Fifth Avenue Jewelry
It was a classic New York apartment in one of Fifth Avenue’s most exclusive buildings, with city views—including an enviable panorama of Central Park—in all four directions. The clients, a hotel magnate and his stylish wife, had enthusiasm and energy to burn (and a rare budget to match).
Even by the standards of Timothy Haynes and Kevin Roberts—a New York design team known for their luxurious interiors—it was a dream commission. They let their imaginations run wild: How about a dining room incorporating vintage mirrored-glass moldings designed by Dorothy Draper? A library painted in purple high-gloss lacquer? Curtains hand-embroidered in Paris with amethyst crystals and metal beads? “There aren’t a lot of clients who would embrace these kinds of moves,” says Haynes, “but they loved it. They wanted to do some exciting things. And they committed the time and resources to make it happen.”
The husband wanted a home that was respectful of the apartment’s 1920s architecture (the Italian Renaissance–style building was designed by Rosario Candela, who created some of the city’s earliest luxury apartment houses) but equipped with such modern amenities as central air-conditioning and wireless controls. He brought in an architect with whom he had worked before, Oscar Shamamian, to collaborate with the decorators.
The wife, who had admired Haynes and Roberts’s work in a magazine, loved their deft use of color and mixing of styles and periods. But she asked them to push the envelope, incorporating lighthearted touches (such as the powder room’s pink metallic toilet) and liberal doses of sparkle and pizzazz. “They really heard us,” she says. “We wanted a glamorous but warm and livable home. I have an eight-year-old daughter who brings her friends home to play. My husband has two sons: a teenager and a college student. We didn’t want to live in a museum or take ourselves too seriously.”
Meanwhile, realizing that construction is allowed in their cooperative apartment building only in the summer months, the couple gave their team a rare gift—a three-year timetable to get the job done. “People say, Three years, oh my,” says the husband. “But we wanted a finished product we’d live in for a long time, and for the process to be enjoyable.”
The schedule gave the architects time to mock up everything from moldings to ceiling profiles. They installed life-size replicas in situ so that the clients would know exactly what they were getting. “It’s a small cost for the refinement and confidence they provide,” says Shamamian.
Haynes and Roberts spent a year conceiving the apartment’s flow and finishes. Doorways were enlarged to create vistas from the apartment’s core to the windows that frame it. A Deco-inspired front door was crafted in black lacquer and brushed stainless steel, and the entry’s walls are clad in Thassos marble. “We don’t like to hide rooms in curtains and layers of furniture,” Haynes says. “Our priority is to make the background beautiful.”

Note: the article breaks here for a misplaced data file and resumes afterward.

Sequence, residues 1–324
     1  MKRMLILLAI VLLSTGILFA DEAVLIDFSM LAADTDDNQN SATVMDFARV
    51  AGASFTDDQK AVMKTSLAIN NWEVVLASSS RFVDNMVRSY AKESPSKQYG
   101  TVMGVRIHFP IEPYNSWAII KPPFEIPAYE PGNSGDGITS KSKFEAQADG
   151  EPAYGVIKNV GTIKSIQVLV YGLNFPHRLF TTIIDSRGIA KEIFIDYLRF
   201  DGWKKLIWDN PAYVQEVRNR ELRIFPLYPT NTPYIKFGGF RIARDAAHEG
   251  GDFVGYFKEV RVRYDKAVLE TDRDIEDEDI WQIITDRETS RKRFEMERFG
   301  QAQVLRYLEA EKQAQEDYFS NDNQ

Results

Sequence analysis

They furnished the space with a world-class collection of rare finds from the 1940s to the ’80s, including a James Mont sectional sofa and an illuminated Cloud table by the artist Guy de Rougemont. In addition, they commissioned furnishings from contemporary designers, including Hervé Van der Straeten, Mattia Bonetti, and Maria Pergay, the 81-year-old Parisian modernist who created the dining room’s showstopping round table in bronze, glass, and Lucite.
“In three years of construction,” the husband says, “we didn’t miss a meeting.” In fact, given their involvement it was with some trepidation that the couple departed on a monthlong vacation to Asia, during which the design team was to install the entire apartment. “I asked the contractor to send pictures to my BlackBerry, but Kevin and Tim made him stop,” says the wife. “They wanted us to be surprised.”
With permission, a pulley system was installed on the upstairs neighbors’ penthouse terrace so that the furniture and art—including nine-foot sofas and the living room’s eight-foot-diameter Takashi Murakami painting—could be hoisted through the windows. “Everyone worked feverishly to make the deadline,” Haynes says. The Pergay table was delivered just days before the clients’ return.
At last, the couple arrived home from their trip and headed straight from the airport to their finished apartment. The library shimmered in purple. The master bedroom, with its cashmere-silk walls and gem-encrusted curtains, was serene. His dressing room had leather walls and cerused-oak shelves, while hers was drop-dead chic with its lilac lacquered cabinetry, Jansen desk, and bird’s-eye views of neighboring rooftops. “It was breathtaking,” she says. “Even better than we expected. But best of all, it really felt like us.”